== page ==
Now that I have a granddaughter I have to start thinking about how I will introduce her to sailing. I'm pretty sure I don't want to put her into an El Toro and head off across the bay the way I did when my boys were young. I'm quite a bit older now, and I'd prefer to sail with some degree of dignity and comfort. I'd like a boat that you sit "in" and not "on." I'd like a boat with some stability and self-righting capabilities. I'd like a forgiving boat so my little Violet could snake wake her way across the bay while she gets the hang of steering with a tiller. And, I'd like a good looking boat that introduced Violet to the beauty of sail with pleasant traditional proportions.
I suppose what I am describing is the ultimate old man's boat. Howard Boats call the eZ/21 a "gentleman's daysailer." That's OK. I may not be a gentleman, but I am now an old man. This new daysailer, the eZ/21, built by Howard Boats on Cape Cod appears to fit the bill perfectly.
Doug Zurn designed the eZ/21, and Doug has a great eye for lines. I only wish he would draw the boat with the bow to the right like the rest of us. I have always thought that drawing the boat to the left distorts the balance of the sheer and freeboard. To my eye the bow always looks higher when it is on the left. Most people find this to be true. I don't know why. Maybe it has something with the direction your eye reads a drawing. It doesn't really matter. Right or left this is a darn good-looking boat with a nice, generous spring to the sheerline, and a proud and perky bow profile.
The D/L is 133 so this boat is on the light side of today's "medium." The L/B is 3.14 so it's on the beamy side without being fat. There is 475 pounds of lead in the beavertailed bulb on the lifting keel. The rudder also retracts to make the boat easy to trailer. I like the overhangs on this boat. There is just enough overhang bow and stern to give the boat a classic look.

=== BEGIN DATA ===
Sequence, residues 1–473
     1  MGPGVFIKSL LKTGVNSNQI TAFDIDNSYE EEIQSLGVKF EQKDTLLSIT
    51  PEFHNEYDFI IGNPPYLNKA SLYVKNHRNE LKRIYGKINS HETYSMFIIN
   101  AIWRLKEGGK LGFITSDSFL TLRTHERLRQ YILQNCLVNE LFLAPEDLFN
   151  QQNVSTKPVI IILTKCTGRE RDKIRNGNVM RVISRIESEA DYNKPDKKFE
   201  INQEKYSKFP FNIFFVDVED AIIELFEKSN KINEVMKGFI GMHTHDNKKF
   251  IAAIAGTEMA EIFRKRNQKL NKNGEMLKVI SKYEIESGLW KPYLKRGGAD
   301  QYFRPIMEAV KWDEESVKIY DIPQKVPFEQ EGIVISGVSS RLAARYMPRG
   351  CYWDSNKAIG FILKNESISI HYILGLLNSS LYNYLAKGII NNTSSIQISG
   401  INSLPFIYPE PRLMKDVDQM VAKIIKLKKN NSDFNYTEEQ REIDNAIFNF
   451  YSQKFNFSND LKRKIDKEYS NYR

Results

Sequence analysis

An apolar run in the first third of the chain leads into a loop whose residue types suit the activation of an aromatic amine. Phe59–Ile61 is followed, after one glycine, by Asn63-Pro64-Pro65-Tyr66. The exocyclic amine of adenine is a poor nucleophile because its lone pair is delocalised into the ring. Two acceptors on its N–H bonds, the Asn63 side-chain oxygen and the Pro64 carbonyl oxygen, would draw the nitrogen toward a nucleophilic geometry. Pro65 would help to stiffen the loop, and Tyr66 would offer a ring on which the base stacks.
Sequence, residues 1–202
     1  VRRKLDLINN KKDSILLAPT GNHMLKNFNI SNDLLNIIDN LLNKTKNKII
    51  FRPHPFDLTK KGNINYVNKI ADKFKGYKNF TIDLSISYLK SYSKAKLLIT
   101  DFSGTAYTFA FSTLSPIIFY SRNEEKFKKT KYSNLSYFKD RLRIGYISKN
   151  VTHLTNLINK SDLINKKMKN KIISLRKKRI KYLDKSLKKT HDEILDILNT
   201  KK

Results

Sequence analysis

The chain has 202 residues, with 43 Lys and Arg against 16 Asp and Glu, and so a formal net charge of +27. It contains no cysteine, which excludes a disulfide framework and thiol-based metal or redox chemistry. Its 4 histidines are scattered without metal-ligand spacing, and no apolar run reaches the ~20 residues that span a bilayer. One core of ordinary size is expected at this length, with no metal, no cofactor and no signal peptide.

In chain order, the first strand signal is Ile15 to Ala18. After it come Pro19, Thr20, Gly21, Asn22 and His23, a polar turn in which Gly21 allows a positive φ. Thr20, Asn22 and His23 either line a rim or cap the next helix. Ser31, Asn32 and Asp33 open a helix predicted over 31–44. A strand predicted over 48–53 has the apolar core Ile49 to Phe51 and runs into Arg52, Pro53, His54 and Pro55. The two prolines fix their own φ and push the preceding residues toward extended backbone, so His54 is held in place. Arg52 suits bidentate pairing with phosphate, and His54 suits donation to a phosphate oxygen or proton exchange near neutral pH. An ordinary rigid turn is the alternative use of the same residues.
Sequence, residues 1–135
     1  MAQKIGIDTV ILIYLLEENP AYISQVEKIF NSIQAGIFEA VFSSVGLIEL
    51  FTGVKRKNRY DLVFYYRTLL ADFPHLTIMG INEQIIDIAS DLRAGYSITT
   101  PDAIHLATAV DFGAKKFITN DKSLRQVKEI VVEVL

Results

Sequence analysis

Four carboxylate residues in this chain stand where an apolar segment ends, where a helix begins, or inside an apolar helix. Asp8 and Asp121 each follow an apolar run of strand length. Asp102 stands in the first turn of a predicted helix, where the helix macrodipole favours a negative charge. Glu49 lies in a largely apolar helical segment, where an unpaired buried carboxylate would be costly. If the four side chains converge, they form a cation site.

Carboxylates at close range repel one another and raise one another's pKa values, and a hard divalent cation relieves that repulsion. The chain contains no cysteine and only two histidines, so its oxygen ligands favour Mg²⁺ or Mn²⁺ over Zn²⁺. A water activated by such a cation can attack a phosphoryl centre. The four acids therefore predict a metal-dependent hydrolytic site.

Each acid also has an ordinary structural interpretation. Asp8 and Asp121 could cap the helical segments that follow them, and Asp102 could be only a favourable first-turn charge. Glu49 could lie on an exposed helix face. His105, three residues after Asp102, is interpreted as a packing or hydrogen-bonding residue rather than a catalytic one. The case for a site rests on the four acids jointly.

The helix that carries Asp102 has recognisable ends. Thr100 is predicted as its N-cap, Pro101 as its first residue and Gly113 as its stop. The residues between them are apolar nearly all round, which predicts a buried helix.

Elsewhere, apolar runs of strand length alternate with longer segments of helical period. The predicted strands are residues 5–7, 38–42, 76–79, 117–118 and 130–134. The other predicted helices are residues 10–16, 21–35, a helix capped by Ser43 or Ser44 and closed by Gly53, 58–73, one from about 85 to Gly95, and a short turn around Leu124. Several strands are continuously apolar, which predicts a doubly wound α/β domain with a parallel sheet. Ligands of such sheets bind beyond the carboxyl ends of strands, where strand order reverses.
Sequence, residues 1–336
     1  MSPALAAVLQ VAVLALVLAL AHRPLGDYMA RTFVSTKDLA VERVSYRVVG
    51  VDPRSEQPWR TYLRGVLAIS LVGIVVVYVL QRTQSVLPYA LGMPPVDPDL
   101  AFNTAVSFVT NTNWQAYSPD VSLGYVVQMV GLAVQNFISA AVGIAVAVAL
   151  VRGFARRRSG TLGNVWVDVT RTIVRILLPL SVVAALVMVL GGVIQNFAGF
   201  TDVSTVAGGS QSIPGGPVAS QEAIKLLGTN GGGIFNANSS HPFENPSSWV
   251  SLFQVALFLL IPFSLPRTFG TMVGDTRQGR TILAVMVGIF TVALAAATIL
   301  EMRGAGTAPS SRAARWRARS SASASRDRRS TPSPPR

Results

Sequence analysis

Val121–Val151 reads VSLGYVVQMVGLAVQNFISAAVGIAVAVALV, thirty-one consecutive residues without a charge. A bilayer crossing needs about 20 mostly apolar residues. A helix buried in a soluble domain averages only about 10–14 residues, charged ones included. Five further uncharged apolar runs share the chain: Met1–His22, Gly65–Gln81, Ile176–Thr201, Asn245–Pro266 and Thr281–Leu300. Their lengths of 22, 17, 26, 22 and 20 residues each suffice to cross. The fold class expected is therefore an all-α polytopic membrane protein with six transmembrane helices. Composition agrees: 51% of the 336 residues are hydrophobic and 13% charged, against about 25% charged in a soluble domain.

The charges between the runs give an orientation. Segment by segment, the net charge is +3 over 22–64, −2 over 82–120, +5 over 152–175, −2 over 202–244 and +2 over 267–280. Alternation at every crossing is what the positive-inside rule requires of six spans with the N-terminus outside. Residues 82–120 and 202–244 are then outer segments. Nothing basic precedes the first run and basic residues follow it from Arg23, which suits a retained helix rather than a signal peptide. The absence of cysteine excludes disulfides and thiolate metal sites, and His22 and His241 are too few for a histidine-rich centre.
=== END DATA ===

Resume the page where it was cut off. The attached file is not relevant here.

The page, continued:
Violet and I will be comfortable in this cockpit. The backrest is of more than adequate height and the seats are long. I think the cuddy cabin is big enough for a portable toilet, just barely. But it's big enough for some gear and an icebox. I could throw a guitar down there so I could sing sea chanties to Violet while she steered. "Hey Violet, have you heard 'I've been to New York and I've been to LA?'" That was Uncle Bump's favorite sea chanty. It's all about advertising agencies.
This nice big rig with an SA/D of 25 would be perfect for the fluky conditions at my place. The boom is high so we won't have to duck tacking and jibing. The jib is self tacking. I don't need a self-tacking jib but I'm sure there would be times when I would appreciate it. I would like the option of some short length of jib track on the deck so I could sail with conventional dual jib sheets at some point.
The mast is tabernacle stepped for easy lowering and stepping. The spreaders are swept 13 degrees. That's not much but this boat does have a standing backstay. You could sweep the spreaders more and do away with the backstay, but I think I prefer it this way so I can let the boom out without impaling the mainsail on the spreaders. You will need to keep a weather eye on the roach though. With about 8 inches of roach overlap on the backstay, I think the roach will hang up on the backstay when you tack in light air.
The eZ/21 will be built in a female mold with a cored e-glass hull and Vinylester resin. That's how Howard Boats builds its impressive line of traditional boats. I can see me owning this boat. As I look over the Howard Boats website I can see me owning just about any of the company's fine vessels.